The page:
You are currently browsing the daily archive for January 3, 2012.

Yesterday’s post examined cultural and moral relativity in a Canadian school using a severe case of Afghani marital abuse involving maiming.

Today’s looks at a case which occurred in the UK mid-decade, which I read about in the papers. It is the astonishing story of Banaz Mahmod, mentioned in the first comment on JuliaM’s post at Orphans of Liberty, my initial source for yesterday’s entry about Canada.

In that comment, Woman on a Raft calls our attention to Ms Mahmod’s torture and death at the hands of her own family (emphases mine):

The award for police investigation a few weeks ago went to the team which finally nailed the other killers of Banaz Mahmod, the primary ones being her father and his relatives, who raped her first.

While I appreciate that the investigation clarified things for officers when investigating status-murders in ethnic communities, let’s not forget that it wasn’t that difficult to solve since Banaz had appealed for police help about five times and was videoed on a hospital trolley the first time she was duffed up, giving a statement as to who had done it and predicting they were going to kill her.

The officers who failed to respond before the death – particularly a woman officer – were given words of advice. Their careers was not delayed much by the mistaken reading of the situation. However, without wishing to sound unsympathetic, the risk for officers every single day is that an accusation of racism can see them booted out no matter how ridiculous the assertion is. It is easy to imagine a situation where an officer is inclined to dismiss a complaint as amateur dramatics when their own job could be compromised by taking it seriously.

The first lesson to take away from Aisha’s face and Banaz’s death is that this is done as a public act and that means the people do know who did it – they have to, because it is the visible exercise of capricious physical power which restores the status of the family. Just like any other group of thugs.

Here is a video of the senior police officer explaining the case and expressing her thanks in being recognised with a medal from the Queen.

Woman on a Raft directed us to Banaz’s case which a feminist blog, the F Word analysed in more detail. Fionnuala Murphy writes:

She was in love with her boyfriend Rahmat Sulemani and looked forward to beginning a new life with him. Then her father and her uncle decided that she had to die.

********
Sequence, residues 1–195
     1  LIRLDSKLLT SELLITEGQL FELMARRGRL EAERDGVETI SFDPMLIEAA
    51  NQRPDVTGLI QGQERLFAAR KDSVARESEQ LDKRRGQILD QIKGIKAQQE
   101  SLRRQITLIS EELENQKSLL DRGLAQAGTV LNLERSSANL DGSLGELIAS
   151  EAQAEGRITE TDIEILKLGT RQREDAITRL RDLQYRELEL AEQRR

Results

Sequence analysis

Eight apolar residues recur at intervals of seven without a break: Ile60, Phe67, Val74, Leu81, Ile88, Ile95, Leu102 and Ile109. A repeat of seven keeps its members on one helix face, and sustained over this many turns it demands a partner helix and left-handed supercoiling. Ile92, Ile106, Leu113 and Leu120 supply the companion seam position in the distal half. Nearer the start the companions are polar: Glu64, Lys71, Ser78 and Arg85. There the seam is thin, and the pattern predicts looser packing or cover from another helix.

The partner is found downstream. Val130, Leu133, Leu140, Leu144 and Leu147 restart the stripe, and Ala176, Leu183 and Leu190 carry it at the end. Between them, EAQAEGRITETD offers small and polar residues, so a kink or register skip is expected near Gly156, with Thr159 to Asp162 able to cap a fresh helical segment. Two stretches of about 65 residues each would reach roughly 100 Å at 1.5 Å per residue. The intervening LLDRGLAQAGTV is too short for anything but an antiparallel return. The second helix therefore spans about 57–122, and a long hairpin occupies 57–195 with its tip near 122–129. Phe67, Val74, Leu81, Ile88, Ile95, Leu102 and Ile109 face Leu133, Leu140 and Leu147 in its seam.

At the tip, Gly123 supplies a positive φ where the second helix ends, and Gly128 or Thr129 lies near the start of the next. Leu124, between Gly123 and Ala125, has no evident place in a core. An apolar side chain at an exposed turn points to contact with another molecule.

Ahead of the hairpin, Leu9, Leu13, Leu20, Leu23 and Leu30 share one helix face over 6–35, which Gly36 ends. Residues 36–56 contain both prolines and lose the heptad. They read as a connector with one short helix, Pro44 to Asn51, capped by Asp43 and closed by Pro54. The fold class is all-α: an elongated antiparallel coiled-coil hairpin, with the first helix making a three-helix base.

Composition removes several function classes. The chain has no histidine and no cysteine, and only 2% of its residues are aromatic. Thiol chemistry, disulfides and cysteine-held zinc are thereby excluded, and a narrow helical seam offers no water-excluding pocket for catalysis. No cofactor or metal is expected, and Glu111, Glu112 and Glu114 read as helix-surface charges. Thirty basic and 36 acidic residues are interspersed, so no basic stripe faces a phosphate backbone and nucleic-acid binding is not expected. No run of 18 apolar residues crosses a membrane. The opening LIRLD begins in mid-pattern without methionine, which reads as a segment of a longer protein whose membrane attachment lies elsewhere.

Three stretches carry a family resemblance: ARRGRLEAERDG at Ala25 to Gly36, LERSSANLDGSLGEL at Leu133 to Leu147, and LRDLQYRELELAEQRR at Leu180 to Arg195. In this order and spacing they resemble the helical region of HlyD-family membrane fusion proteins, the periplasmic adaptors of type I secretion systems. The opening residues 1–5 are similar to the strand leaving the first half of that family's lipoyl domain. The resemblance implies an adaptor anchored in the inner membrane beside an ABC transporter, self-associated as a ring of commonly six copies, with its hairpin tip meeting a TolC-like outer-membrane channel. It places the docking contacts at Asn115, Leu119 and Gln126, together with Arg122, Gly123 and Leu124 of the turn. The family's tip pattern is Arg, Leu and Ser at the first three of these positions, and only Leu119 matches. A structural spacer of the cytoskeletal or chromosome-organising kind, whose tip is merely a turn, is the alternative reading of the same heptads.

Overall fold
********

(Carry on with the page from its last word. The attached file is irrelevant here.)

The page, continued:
On 24 January 2006, Banaz Mahmod was raped, tortured and strangled with a shoelace in the sitting room of her parents’ house in Mitcham, South London. Three months later, police discovered a suitcase containing Banaz’s naked body buried under a patio in Birmingham.

Banaz Mahmod’s story is the story of countless women and girls who are murdered each year in the name of so-called honour. As in Banaz’s case, their ‘crimes’ – having a boyfriend, refusing a forced marriage, wanting to make their own choices – are deemed to have brought shame on their families. Their families sanction the murder and then carry it out in cold blood, often with the support and collusion of the wider community. These two characteristics of honour-based violence – it is pre-planned and collective – are what distinguish it from other forms of domestic violence such as intimate partner violence or ‘crimes of passion’.

I use the word ‘honour’ with difficulty, because there is nothing honourable about any of the crimes that have been committed against the women and girls I have met through my work with the Iranian and Kurdish Women’s Rights Organisation. At the same time, it is the term that is best understood by the communities that IKWRO works with, and so we continue to use it.

As in yesterday’s Canadian example, we in Britain are often reluctant to say anything or help because of cultural relativism and accusations of racial insensitivity, as Murphy explains:

It takes many forms other than murder, including forced marriage, forced suicide, acid attacks and mutilation, beatings, rape, imprisonment and denial of access to the telephone, internet or friends. While many of these represent serious crimes, in the UK the authorities can sometimes be reluctant to intervene out of a mistaken perception that honour-based violence is a ‘cultural’ practice and is therefore somehow acceptable. Not only does this view stand in the way of progress on the human rights of women from ethnic minorities, but it is also extremely naive. In reality the concept of honour is more about convenience than culture.

In communities where honour-based violence occurs, marriage is generally not a matter of personal choice based on compatibility but rather a system through which families enrich themselves. Women are the currency in this system and are exchanged by male members of their families in return for financial or social benefit. Marriages can enable families to protect or strengthen their ownership of property, to pay off a debt, to deprive women of their inheritance, to build alliances and to strengthen family and tribal ties ...